The popularity of a web site is measured by traffic. The popularity of a product is measured by sales, transactions from consumers. In a world of information overload we rely on search engines to help us find what we’re looking for whether information, products, services and now people.
Popularity is also an influence of conversational content that people relate to for whatever reason. Advertisers flock to web sites with the most traffic hoping to attract viewers to their offering. As the web has evolved it has caused a fundamental technology and communications market shift toward the person and away from the place and things. The social web has created a shift by moving away from connecting people to things and shifted towards people connecting to people in the form of conversations.
What connects the people?
There are many things that motivate people to connect with one another. The attractions include age, demographics, industry, expertise and last but not least activity. Activity comes in the form of content which raises an individual’s profile and frames the reference of appeal and affinity to others.
A person’s presence is largely driven by the “hits” to topics, conversations and their participation within the social web. BusinessWeek reports: Barack Obama is a winner on the Internet. His status in cyberspace now surpasses that of Hillary Clinton, former British Prime Minister Tony Blair, celebrity chef Jamie Oliver, and even Paris Hilton, according to Garlik, a British startup that rates people’s digital reputations.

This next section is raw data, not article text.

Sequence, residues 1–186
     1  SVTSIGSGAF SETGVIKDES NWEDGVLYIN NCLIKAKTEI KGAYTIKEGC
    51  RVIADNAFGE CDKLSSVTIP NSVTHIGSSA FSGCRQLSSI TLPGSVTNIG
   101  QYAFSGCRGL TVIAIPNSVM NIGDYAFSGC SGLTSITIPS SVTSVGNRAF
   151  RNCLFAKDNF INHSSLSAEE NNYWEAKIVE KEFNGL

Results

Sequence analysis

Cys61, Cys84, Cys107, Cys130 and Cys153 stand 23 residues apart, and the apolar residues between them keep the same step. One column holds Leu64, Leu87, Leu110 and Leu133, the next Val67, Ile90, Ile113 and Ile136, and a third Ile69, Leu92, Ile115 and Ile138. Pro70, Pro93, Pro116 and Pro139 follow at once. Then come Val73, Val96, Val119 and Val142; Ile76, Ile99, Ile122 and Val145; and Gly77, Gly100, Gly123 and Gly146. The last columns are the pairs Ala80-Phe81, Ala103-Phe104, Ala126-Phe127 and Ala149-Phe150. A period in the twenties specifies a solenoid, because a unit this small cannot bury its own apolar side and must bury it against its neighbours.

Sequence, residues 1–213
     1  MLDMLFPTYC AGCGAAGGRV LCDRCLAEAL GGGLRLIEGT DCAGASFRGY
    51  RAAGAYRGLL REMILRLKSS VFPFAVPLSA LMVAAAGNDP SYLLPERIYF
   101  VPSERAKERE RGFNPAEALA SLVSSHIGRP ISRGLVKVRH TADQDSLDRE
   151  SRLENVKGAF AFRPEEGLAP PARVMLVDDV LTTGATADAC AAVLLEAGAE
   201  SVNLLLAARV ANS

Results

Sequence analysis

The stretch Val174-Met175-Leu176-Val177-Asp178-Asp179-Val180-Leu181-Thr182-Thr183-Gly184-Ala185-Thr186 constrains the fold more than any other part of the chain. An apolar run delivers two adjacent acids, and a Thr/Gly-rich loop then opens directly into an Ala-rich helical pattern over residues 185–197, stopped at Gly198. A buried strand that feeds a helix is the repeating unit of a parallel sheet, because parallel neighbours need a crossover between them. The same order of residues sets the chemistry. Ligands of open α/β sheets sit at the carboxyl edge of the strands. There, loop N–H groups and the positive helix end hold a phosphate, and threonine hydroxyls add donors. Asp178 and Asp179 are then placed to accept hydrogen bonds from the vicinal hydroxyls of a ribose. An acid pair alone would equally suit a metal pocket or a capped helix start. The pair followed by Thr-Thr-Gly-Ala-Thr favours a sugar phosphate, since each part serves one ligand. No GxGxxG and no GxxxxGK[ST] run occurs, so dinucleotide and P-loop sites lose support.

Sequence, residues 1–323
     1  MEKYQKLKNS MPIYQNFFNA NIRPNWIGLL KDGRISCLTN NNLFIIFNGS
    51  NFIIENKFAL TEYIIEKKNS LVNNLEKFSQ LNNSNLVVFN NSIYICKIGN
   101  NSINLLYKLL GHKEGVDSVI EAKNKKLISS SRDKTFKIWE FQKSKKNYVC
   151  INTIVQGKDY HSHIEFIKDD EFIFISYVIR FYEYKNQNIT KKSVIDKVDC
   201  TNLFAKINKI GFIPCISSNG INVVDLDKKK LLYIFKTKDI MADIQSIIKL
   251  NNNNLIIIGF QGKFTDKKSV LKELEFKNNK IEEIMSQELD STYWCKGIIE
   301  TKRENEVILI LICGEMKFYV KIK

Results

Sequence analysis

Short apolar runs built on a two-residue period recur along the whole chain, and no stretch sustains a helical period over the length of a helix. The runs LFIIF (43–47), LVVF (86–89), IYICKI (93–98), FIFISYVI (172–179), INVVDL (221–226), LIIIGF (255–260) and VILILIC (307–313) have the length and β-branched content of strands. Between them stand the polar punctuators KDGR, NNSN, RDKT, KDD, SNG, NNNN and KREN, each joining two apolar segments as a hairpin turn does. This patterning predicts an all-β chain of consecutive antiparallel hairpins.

Such rating systems aren’t new. But Garlik’s service, called QDOS, claims to operate on an unprecedented scale. Garlik founder and CEO Tom Ilube says QDOS has taken the digital measure of all 45 million adults in Britain, rating them on how active they are online, their popularity, individuality, and impact on all things digital
“Imagine the impact of a searchable source of tens, or hundreds of millions, of QDOS status scores,” says Ilube. People could use such assessments in recruiting, or to find status-appropriate mates. Corporations, Ilube notes, spend millions of dollars analyzing consumer information. Someday, he says, “consumers will demand to be active participants in that personal information economy.”
What is it that businesses need to learn about the conversational web?
If you visit the web pages of the Fortune 500 you will find one way conversations filled with content that is not necessarily relevant to “the people”.
A global company that does in excess of $60 Billion a year in transactions wanted to learn how to use the social web for business. They were interested in creating their own social network with the aim of “connecting” their employees, customers and suppliers. When asked why would these people want to connect with your business? Their response was, “because we have something of value to offer them”. So we simply checked the traffic rating on their corporate web site and it ranked close to 900,000. In comparison this blog had a traffic rank of 183,000.
What is the difference?
The executives were surprised and indicated they need to work on SEO to increase the traffic to their web site. Our response was no, you need to learn how to have meaningful conversations and create relevant content that appeals to your customers, suppliers and employees. If you have something that is relevant to the hearts and minds of the people you want to relate to then, and only then, will you understand the power of the social web and your traffic will follow. The best approach to leveraging the social web is to understand the systemic nature of people’s interest, desires and needs: a relationship.
Connecting the dots requires a conversation, not just a connection or SEO strategy. What say you ?